Local Violinist with Many Strings to Her Bow

It’s not what you might expect from a classically trained violinist, but Ashley Holmberg is not afraid to mix Mozart and Americana.

Photo by Chris Hardy.

As Ashley Holmberg described her music style, she played air violin, tilting her head onto an imaginary instrument beneath her chin, the notes seemingly dancing in her mind.

Photo by Chris Hardy.

“Classical, country two-step, Americana, folk stomp, worship, rock and indie pop,” the Healdsburg musician said. “Rhythm, modern music, R&B, pop, rap, I’m all-in.”

Not to mention her original compositions of “progressive stadium rock with film-score accents” that are coming with her first album, set for release in July, in partnership with indie pop band Brix.

It’s certainly not what you might expect from a classically trained symphony violinist and violist, but then, this 28-year-old talent has been pushing the artistic envelope since she picked up her first violin at age 8. During the past decade, she has played Thai fiddle in Thailand, Mapuche instruments in Chile, country two-step violin tunes in Colorado, classical compositions in Alaska, and virtually every other style ranging from Gregorian chant to Gershwin, Americana to Afroman.

Holmberg033She moved to Sonoma County only last spring but already is a fixture in the arts and music scene. Holmberg has performed at live shows with local Americana band Cahoots and folk stomp group Mr. December. She also plays at private parties, featuring both set compositions and freestyle, spinning riffs on songs as diverse as Mozart’s Violin Concerto No. 5 and the Eagles’ “Hotel California.”

“It’s been incredibly unique how everyone has welcomed me into the community and been so willing to integrate me into their ensembles,” Holmberg said. “They just say, ‘Oh sure, play with me,’ and it’s so natural.”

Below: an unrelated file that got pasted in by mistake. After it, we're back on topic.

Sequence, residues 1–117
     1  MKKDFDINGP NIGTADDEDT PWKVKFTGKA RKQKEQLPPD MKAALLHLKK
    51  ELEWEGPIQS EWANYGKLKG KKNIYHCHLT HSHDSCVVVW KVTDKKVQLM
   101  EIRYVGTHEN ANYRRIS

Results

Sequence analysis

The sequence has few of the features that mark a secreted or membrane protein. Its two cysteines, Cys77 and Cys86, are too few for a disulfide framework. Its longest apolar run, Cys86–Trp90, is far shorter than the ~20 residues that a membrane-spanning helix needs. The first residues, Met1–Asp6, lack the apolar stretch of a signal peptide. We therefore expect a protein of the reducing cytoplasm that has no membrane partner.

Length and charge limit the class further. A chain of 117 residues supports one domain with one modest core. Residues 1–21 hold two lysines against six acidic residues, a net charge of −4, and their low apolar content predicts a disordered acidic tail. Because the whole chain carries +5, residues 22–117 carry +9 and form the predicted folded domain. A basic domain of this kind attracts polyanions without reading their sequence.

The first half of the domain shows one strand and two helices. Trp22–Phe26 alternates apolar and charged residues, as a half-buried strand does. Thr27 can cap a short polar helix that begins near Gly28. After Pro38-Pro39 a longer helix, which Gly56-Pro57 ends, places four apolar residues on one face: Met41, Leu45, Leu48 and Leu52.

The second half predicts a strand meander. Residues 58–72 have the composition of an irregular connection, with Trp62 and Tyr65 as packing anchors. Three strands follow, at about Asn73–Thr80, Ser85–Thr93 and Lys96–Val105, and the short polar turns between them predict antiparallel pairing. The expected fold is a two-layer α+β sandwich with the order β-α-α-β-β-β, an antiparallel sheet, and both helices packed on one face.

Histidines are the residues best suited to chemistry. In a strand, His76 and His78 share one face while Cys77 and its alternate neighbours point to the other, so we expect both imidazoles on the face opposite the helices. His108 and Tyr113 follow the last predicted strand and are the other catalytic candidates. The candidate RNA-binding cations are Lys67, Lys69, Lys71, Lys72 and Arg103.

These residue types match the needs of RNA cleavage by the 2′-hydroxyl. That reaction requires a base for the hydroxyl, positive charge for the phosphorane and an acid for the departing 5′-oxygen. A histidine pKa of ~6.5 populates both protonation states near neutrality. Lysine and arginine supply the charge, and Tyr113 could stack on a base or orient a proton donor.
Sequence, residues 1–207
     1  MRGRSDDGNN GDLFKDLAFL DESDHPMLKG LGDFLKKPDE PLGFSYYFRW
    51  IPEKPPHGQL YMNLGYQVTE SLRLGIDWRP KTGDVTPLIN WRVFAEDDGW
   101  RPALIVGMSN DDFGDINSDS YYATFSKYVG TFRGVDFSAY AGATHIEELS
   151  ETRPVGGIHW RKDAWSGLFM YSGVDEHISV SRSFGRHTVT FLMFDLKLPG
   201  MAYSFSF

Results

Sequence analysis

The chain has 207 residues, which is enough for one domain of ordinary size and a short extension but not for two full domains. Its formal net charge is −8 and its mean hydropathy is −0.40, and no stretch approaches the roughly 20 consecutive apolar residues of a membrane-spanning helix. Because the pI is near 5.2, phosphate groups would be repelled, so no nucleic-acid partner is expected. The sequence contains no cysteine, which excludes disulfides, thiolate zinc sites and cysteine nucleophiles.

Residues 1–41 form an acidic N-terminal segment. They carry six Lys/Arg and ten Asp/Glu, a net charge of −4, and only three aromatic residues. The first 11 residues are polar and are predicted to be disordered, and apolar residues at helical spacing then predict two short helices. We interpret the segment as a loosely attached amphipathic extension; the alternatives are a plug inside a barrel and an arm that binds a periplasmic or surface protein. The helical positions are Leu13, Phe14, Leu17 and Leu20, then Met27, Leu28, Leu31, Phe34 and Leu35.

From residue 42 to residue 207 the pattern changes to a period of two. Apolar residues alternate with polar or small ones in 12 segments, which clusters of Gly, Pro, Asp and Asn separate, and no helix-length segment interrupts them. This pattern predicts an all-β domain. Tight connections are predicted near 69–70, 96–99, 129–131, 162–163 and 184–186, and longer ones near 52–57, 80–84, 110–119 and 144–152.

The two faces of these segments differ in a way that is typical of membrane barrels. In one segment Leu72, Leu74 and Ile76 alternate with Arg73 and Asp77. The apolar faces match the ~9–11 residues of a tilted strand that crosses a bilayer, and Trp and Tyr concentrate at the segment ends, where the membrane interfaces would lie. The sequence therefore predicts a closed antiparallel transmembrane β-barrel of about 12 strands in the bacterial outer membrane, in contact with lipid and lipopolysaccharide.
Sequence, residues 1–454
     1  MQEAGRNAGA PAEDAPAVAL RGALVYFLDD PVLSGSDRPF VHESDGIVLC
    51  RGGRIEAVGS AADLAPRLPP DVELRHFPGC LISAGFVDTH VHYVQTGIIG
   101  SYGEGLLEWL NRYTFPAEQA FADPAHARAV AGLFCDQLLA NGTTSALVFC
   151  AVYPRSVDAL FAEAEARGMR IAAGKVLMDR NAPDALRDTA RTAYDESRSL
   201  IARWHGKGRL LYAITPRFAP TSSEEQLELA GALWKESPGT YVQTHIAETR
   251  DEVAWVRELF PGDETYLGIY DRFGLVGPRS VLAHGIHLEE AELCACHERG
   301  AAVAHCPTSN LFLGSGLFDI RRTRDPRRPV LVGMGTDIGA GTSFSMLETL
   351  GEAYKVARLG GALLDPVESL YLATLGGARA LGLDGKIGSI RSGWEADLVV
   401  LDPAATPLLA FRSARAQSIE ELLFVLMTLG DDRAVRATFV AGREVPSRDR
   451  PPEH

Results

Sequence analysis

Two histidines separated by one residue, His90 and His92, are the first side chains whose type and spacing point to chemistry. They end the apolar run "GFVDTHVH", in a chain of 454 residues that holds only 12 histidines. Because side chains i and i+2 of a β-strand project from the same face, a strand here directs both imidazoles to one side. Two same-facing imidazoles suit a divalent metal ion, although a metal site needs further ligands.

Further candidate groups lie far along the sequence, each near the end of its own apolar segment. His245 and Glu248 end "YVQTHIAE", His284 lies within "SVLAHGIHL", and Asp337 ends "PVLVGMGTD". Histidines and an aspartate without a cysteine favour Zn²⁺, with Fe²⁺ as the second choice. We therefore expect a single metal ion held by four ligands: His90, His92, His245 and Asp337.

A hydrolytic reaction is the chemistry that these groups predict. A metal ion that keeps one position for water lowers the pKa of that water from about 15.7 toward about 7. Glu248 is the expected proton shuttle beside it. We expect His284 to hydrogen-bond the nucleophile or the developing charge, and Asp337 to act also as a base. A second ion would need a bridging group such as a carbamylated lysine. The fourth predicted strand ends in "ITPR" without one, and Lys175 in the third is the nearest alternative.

Holmberg has lived in deep musical immersion since she was 5, when she heard a family friend play violin for the first time.

“I was mesmerized,” she said. “I went nuts listening to the radio and movie soundtracks. I bugged my parents endlessly, and finally got my first violin.”

Growing up in Fairbanks, Alaska, she studied under Gail Johansen, a violinist with the renowned Suzuki Association of the Americas. Later, she trained with internationally recognized violinist and violist Barbara Barber, and soloist Juliet White-Smith. She toured with the Alaska Festival Singers choir in Switzerland, Germany and Italy, performing at Mass at the Vatican and St. Mark’s Basilica. And she taught music at Mahidol University in Bangkok.

“I’ve always wanted to be an integral part of something bigger than myself,” Holmberg explained. “Each day is new growth.”

To learn more about Ashley Holmberg’s upcoming performances, visit musicalmaestra.com

Photography by Chris Hardy.